Home Health High Time To Stop Stigmatizing Towards Mental Illness Among Health Workers

High Time To Stop Stigmatizing Towards Mental Illness Among Health Workers

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It’s been a long time since mental illness has existed in the public domain and it does also exist in Healthcare Workers and Providers (HCPs) which acts as a barrier to mental health service use. Stigma among health workers has been in focus for global public health problems.

What Exactly is Stigma

Stigma refers to a social process that is characterized by labeling, separation, and stereotyping which leads to status loss and discrimination. Stigma is brought to bear on individuals both in health and non-health differences.

Health condition stigma related to the specific diseases can be experienced in any phase of life. This can be very negative for those who are seeking medical services because they are more vulnerable at that point in time. In health facilities, stigma is widely documented, ranging from outright denial of care, physical and verbal abuse, to more subtle forms, such as making certain people wait longer or passing their care off to junior colleagues. This acts as a barrier to those who are taking treatments for acute or chronic diseases or to live a healthy lifestyle.

Stigma also impacts the well being of the healthcare workers because healthcare workers may also be living in stigmatized conditions.

While acknowledging that stigma is context-dependent, health stigmas in health facilities often show similar features across countries and circumstances with regard to some stigma generators, causes, and implications. This is especially true of stigma generators, or factors that are known to create or cause stigma. Popular factors inside healthcare facilities may include pessimistic behaviors, anxiety, biases, lack of knowledge of both the disorder itself and stigma, failure to treat the disorder professionally, and institutionalized processes or activities.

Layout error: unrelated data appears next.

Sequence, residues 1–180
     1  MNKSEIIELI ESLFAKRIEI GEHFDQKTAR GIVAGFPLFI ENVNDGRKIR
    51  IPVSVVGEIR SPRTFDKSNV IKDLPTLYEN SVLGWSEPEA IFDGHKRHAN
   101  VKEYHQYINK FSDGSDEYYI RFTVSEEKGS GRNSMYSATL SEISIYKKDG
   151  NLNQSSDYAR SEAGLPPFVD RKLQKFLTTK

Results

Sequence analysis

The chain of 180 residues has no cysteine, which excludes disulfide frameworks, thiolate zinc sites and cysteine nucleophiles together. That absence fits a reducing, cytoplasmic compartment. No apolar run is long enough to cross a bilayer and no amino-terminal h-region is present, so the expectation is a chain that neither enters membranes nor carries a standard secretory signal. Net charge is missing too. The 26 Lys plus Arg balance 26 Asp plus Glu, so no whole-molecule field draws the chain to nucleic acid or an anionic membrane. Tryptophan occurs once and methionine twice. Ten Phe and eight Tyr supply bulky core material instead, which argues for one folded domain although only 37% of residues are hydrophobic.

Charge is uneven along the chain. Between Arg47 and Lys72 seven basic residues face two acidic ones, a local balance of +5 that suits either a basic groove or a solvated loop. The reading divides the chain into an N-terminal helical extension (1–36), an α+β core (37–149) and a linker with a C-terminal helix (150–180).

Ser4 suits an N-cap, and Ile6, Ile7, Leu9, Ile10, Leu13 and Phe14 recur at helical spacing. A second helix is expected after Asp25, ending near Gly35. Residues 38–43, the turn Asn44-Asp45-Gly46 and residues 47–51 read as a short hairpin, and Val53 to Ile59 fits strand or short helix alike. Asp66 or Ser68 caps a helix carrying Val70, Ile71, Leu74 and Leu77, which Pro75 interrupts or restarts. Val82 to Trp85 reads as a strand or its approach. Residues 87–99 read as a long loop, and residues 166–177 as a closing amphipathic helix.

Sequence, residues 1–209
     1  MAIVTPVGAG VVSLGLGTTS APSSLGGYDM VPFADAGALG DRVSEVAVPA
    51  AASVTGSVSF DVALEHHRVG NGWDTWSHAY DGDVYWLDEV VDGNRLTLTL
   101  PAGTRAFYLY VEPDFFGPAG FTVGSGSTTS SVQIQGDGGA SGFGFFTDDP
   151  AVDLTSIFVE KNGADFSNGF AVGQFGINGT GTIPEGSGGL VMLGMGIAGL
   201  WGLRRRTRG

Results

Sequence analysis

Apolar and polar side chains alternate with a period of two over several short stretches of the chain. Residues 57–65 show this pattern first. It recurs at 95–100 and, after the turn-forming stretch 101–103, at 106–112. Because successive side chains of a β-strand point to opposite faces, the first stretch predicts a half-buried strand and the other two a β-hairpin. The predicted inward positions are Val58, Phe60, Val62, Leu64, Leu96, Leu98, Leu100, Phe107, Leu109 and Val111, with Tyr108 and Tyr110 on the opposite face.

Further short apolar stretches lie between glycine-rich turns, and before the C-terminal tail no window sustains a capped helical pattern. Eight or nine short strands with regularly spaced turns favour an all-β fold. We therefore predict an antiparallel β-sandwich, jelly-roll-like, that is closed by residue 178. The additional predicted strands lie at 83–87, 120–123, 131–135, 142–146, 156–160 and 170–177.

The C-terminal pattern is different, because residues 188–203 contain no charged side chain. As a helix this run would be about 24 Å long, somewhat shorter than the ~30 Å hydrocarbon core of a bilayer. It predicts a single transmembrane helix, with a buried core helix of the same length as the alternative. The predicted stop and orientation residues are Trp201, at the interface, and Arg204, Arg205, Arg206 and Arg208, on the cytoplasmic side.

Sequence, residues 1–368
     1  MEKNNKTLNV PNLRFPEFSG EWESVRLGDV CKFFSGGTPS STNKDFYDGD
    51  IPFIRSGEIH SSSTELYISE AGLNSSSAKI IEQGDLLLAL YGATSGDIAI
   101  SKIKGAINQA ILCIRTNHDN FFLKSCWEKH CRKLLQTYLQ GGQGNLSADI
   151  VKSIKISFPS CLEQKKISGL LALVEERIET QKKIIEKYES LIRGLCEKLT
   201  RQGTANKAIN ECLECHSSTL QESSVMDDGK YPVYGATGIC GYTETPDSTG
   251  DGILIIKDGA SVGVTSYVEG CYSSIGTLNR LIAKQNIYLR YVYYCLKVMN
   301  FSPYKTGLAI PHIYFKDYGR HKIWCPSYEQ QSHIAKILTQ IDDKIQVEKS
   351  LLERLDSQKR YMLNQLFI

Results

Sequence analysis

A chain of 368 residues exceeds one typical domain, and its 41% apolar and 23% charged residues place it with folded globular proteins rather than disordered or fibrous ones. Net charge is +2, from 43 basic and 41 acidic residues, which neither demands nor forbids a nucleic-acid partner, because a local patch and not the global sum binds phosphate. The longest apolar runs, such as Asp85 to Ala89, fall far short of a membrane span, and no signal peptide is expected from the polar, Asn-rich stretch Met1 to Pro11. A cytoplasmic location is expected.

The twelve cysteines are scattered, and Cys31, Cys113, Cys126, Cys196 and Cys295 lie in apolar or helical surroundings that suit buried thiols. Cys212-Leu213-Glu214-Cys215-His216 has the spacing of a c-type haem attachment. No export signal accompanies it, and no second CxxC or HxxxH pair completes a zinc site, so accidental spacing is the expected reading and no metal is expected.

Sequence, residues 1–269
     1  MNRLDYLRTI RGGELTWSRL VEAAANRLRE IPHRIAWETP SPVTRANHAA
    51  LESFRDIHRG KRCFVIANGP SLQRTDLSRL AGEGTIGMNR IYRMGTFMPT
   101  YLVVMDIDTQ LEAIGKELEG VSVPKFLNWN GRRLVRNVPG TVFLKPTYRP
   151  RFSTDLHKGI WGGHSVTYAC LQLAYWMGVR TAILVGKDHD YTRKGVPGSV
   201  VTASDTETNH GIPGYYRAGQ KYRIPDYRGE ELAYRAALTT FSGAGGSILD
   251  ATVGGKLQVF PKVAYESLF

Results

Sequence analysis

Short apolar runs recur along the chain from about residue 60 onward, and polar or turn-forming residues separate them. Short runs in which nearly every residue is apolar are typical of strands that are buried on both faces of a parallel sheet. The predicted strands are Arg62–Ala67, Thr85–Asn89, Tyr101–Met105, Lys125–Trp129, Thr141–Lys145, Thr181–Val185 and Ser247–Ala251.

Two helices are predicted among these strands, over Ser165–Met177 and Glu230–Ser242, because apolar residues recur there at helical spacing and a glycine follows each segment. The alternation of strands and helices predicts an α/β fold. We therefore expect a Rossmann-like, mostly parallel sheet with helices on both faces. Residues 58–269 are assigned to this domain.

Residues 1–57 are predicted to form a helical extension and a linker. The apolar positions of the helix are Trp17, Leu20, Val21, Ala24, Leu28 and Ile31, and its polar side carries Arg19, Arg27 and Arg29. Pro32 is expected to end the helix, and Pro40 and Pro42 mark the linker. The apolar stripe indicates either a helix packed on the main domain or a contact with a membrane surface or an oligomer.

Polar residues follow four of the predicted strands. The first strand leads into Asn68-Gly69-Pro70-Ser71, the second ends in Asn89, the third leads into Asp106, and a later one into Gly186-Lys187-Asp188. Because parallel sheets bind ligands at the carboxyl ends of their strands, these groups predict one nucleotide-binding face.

Health care staff can be fearful of illness, stigmatized group habits (such as opioid use or irregular or disruptive actions), or of the condition-related mortality. They can also feel emotional anxiety based on their personal rejection of disease-related practices, which may lead to stigmatizing responses that hinder their capacity to be successful providers. 

Healthcare staff may be oblivious of how stigma occurs and impacts patients, and may thus not be aware of the stigmatizing consequences of their behavior, or how the practices or systems of healthcare institutions impact clients. Failure to educate about the disorder can also create stigma.

For example, transmission misconceptions may drive stigmatizing, unnecessary precautions (e.g., double gloving, unnecessary quarantine), while disbelief in the curability of some stigmatized conditions may bias the provision of care. Lacking knowledge about how to provide care for a specific condition, or lacking confidence in one’s ability to do so, may result in poor quality or discriminatory care.